Prior art pyrometric devices and thermocouples have also suffered from inaccuracies in the conversion process, that is, in converting a photodetector output signal into a temperature reading. The conversion process for thermocouples involves interpolation and calibration between fixed points that are known. The conversion for pyrometers should be performed according to the first principle of physics governing the fundamental relationship between temperature and the emission of photons of light energy. This principle is known as Planck's function, and it is nonlinear. In the past, pyrometric devices have attempted to use a linear photodetector coupled with a nonlinear scale calibrated according to certain known temperatures, or have attempted to use nonlinear amplification methods to fit a photodetector output to a linear temperature scale where nonlinear amplifiers approximated a polynominal expansion generated to fit a response curve to link points representing a set of known temperatures. Neither method provides enough accuracy in such devices for measurement of temperatures in high-temperature environments such as the aforementioned semiconductor diffusion furnaces or jet engine turbines. The solution to Planck's function must involve the calculation of a complex integral over all values of the wavelength of the light sensed by the pyrometric device. Measurement accuracy to a degree such as one-thousandth of a degree centigrade requires that this integral be mathematically calculated. Prior art pyrometric systems have not attempted to do this because the inaccuracies inherent in the actual measurement of light intensity have been subject to so many other measurement errors that these errors would have masked any accurate temperature conversion even if such a conversion had been attempted. Moreover, no such system has attempted to directly calculate the integral which defines the response of the system to the Planck function because of the complexity of the mathematics.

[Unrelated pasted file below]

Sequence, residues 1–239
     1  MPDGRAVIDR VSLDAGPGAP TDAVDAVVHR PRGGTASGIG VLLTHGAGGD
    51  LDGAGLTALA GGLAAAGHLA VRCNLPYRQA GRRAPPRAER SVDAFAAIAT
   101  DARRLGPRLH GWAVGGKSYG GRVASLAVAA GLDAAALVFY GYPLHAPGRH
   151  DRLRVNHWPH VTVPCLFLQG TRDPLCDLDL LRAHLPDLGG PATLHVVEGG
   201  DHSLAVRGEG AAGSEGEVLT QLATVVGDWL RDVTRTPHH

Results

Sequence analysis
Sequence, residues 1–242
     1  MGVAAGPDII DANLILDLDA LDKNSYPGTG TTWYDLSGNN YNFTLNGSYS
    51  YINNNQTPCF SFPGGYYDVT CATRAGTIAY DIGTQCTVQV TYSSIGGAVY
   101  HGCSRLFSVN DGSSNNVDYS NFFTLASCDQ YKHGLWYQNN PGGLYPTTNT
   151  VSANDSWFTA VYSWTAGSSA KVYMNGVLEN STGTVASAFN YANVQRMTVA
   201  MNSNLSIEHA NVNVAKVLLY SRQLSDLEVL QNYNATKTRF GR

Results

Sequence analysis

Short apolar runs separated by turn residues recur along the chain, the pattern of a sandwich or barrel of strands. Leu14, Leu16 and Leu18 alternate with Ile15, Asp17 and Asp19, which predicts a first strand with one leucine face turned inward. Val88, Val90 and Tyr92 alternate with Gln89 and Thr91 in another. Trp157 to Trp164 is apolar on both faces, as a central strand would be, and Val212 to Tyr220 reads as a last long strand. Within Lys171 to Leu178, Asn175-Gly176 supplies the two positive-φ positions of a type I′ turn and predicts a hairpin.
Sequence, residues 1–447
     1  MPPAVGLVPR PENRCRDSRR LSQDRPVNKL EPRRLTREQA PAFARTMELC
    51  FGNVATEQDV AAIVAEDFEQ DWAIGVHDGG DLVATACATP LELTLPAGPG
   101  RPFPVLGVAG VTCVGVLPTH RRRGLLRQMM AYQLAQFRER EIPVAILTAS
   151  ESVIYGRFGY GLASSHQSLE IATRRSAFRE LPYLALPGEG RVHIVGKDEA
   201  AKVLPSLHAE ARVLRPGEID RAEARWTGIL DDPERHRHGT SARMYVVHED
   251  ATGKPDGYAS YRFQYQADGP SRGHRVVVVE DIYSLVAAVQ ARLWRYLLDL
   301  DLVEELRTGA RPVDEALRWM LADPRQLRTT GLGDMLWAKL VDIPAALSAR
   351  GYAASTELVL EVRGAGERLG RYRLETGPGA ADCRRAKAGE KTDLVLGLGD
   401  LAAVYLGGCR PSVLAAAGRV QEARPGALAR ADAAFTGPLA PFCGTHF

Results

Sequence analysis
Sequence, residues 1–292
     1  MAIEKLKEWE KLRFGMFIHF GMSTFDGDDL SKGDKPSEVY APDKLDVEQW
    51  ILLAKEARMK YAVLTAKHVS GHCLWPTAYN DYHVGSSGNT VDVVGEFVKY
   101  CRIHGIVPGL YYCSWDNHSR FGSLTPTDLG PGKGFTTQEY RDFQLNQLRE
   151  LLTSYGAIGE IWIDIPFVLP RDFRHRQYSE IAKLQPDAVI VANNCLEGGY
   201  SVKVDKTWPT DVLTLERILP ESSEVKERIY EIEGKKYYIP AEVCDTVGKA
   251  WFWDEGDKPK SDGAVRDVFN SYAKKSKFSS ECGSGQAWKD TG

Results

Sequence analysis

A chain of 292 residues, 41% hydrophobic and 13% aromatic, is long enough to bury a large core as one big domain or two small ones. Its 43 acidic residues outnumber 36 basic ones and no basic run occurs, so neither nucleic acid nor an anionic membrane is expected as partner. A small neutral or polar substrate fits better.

Prior art pyrometric systems and thermocouples have also provided little flexibility. Thermocouples have been incapable, for example, of measuring rapid fluctuations in temperature in environments where such fluctuations are common. These may be encountered, for example, in high-speed streams of superheated gases such as those encountered in a jet engine. In such instances it is important for the user to have an instrument which provides an extremely wide frequency response so that these high-speed variations can be measured. Even within the same environment it is occasionally important to know the average temperature without regard for such high-speed fluctuations in temperature. Thermocouples lack this type of frequency response. To date, there have been no pyrometric systems which can provide wide bandwidth, average, and differential temperature measurements in a single unit.